Having a plan for your family during emergencies and natural disasters removes worries and alleviates stress during extremely difficult times. If your family all knows your family emergency meeting places, you can focus your energies on recovering from a disaster instead of responding. Setting up a family emergency meeting place is easy and takes just a few minutes:
You’ll actually need a few different meeting places for your family depending on the emergency at hand. Once you and your family decide where you are meeting, make sure your children know which meeting place is appropriate for which disaster – you don’t want your children running to the basement during a fire for example. Run several practice rounds so that the information is ingrained into both your mental and muscle memories.
Meeting Place #1: Inside Your House
Where would you like your family to meet if there is an emergency such as a tornado or a shelter-in-place situation? Basements are usually the obvious choice, but if you don’t have a basement, then you’ll need to select another room. You’ll want to choose a room that no or few windows and are on the main or ground floor for safety and ease of sealing off windows.
Meeting Place #2: Directly Outside Your House
In the event of fire or other disasters that require immediate evacuation, pick a meeting place right outside your house that near the house but not next to it. The mailbox, a tree in the front yard, the sidewalk or the end of the driveway can all be a good location. It is crucial to practice evacuating to this meeting place especially with small children so that you do not have to be worried about them being trapped in the backyard.
Meeting Place #3: In your Neighborhood
If you are away from home when an emergency occurs and are not able to get back to your house – perhaps trees are down and are blocking you from your street – choose a meeting place that is in your neighborhood. It could be a friend’s house, a church, a community center, a hotel/motel or even a store that is open 24 hours. You can contact your local emergency management office to learn which buildings in your neighborhood are designated storm shelter sites, valuable especially in situations of flooding. You’ll have a safe place to go, and your family, if you are separated, will know where to call to make sure you arrived safely. A place that is within walking distance from your home is ideal.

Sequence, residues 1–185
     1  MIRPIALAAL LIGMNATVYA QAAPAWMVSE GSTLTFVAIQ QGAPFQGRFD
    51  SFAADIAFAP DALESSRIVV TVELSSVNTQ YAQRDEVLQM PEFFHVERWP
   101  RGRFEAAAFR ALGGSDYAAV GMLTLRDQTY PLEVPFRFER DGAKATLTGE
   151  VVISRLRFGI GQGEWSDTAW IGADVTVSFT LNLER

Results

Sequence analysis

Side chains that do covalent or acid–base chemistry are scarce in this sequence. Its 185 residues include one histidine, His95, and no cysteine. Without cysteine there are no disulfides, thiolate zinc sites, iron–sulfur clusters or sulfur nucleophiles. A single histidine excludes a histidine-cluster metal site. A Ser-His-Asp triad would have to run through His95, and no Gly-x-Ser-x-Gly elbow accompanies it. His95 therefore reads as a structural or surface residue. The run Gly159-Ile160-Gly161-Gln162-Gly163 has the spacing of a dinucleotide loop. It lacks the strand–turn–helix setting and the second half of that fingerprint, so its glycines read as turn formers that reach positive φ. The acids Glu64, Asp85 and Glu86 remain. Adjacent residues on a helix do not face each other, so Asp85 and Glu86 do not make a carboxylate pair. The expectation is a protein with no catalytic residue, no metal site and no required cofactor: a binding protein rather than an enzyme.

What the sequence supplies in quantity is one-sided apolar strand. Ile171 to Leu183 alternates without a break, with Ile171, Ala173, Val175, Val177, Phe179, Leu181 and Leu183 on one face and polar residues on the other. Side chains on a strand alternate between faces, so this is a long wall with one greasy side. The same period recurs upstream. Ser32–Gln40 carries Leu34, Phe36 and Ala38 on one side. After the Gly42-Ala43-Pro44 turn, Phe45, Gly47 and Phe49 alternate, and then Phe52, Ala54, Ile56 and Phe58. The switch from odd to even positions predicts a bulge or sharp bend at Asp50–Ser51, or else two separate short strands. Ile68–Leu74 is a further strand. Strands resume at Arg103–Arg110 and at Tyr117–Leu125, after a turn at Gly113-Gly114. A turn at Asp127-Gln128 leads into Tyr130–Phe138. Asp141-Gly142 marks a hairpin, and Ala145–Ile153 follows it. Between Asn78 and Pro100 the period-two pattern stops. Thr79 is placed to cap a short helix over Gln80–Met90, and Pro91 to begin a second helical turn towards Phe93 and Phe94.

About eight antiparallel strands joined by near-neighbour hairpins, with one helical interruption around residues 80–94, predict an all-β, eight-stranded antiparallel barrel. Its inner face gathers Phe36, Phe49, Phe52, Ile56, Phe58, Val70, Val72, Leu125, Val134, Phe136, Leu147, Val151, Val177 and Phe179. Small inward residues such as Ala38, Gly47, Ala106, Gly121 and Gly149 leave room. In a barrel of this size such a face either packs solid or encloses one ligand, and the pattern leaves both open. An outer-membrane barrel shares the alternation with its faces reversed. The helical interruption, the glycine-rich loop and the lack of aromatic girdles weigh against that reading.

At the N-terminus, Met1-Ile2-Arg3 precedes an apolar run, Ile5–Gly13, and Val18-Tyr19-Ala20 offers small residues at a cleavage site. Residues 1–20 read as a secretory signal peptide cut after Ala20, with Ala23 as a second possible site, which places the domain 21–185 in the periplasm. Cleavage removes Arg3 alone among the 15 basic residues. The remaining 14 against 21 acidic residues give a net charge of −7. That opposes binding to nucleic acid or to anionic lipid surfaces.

Meeting Place #4: Out-of-Town
Hurricanes, flooding and other area-specific emergencies require an evacuation plan that asks you to leave your home and neighborhood far behind. If phone lines are down and you are separated from your family during an evacuation, you will be able to rest easy knowing that your family is headed for the same out-of-town evacuation location. Choosing this location will require some careful consideration of geographical factors: if you are evacuating from a hurricane, you’ll want to move inland. If you are evacuating from a flood or tsunami, you’ll be looking for a location at higher altitudes.
Once you’ve decided your out-of-town meeting place, make sure all family members have directions and discuss alternate transportation options in the event that you don’t have a car, you run out of gas, etc. Is there a public transportation option?
Once you’ve designated your four meeting places, make sure each family member has a printed copy of the locations, the addresses and the phone and email addresses to those locations. Ask that they put a copy in their emergency backpacks, send a copy to their email and download a copy to their portable flash drives.
Where are some locations you and your family have decided to meet?